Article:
Long-chain polyunsaturated fatty acids in maternal and infant nutrition.Prostaglandins Leukot Essent Fatty Acids. 2006 Sep; 75(3):135-44.PL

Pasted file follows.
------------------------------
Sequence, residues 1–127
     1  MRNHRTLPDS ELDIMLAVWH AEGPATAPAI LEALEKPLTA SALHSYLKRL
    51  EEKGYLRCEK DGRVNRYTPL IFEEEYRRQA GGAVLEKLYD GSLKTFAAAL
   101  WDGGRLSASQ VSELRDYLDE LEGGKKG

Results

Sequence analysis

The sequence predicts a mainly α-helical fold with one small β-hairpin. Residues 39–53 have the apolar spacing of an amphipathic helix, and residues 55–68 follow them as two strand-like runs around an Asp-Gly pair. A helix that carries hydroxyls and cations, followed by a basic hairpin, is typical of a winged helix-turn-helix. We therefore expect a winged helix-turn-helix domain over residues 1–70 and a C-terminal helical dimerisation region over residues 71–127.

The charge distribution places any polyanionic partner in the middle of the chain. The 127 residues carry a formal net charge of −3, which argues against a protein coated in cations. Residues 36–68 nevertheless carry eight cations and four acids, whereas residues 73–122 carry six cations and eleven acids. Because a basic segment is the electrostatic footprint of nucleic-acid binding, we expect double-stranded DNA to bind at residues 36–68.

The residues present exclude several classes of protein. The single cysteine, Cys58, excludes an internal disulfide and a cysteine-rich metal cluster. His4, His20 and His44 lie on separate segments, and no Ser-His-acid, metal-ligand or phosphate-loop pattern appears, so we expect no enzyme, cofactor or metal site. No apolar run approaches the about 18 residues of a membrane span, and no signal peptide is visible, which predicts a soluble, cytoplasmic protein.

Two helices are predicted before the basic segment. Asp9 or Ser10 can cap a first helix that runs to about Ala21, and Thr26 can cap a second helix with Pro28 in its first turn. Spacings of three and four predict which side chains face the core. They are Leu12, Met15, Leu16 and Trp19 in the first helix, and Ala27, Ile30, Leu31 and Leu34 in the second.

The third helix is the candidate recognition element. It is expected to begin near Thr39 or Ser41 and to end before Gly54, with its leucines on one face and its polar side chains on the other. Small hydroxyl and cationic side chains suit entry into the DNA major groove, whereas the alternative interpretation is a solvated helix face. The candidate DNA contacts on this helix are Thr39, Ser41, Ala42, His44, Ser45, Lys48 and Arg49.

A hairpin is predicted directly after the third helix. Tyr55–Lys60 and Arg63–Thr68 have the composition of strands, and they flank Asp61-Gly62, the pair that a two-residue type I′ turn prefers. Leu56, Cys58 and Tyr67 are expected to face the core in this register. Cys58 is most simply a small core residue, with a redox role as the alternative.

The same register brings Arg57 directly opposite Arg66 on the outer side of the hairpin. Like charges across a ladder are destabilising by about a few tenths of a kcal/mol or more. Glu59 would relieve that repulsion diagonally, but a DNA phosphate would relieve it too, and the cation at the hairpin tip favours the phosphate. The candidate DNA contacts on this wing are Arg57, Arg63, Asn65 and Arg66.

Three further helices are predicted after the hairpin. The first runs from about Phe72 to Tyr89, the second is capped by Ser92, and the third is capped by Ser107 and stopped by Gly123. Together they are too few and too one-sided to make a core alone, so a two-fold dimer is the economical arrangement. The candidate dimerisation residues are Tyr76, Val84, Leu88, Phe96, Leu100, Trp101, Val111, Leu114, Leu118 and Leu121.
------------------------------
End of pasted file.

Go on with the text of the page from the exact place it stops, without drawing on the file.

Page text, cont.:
Homo sapiens has evolved on a diet rich in alpha-linolenic acid and long chain polyunsaturated fatty acids (LCP). We have, however, gradually changed our diet from about 10,000 years ago and accelerated this change from about 100 to 200 years ago. The many dietary changes, including lower intake of omega3-fatty acids, are related to 'typically Western' diseases. After a brief introduction in essential fatty acids (EFA), LCP and their functions, this contribution discusses our present low status of notably LCPomega3 in the context of our rapidly changing diet within an evolutionary short time frame. It then focuses on the consequences in pregnancy, lactation and neonatal nutrition, as illustrated by some recent data from our group. We discuss the concept of a 'relative' EFA/LCP deficiency in the fetus as the outcome of high transplacental glucose flux. This flux may in the fetus augment de novo synthesis of fatty acids, which not only dilutes transplacentally transported EFA/LCP, but also causes competition of de novo synthesized oleic acid with linoleic acid for delta-6 desaturation. Such conditions were encountered by us in mothers with high body mass indices, diabetes mellitus and preeclampsia. The unifying factor might be compromised glucose homeostasis. In search of the milk arachidonic acid (AA) and docosahexaenoic acid (DHA) contents of our African ancestors, we investigated women in Tanzania with high intakes of freshwater fish as only animal lipid source. These women had milk AA and DHA contents that were well above present recommendations for infant formulae. Both studies stimulate rethinking of 'optimal homeostasis'. Subtle signs of dysbalanced maternal glucose homeostasis may be important and observations from current Western societies may not provide us with an adequate basis for dietary recommendations.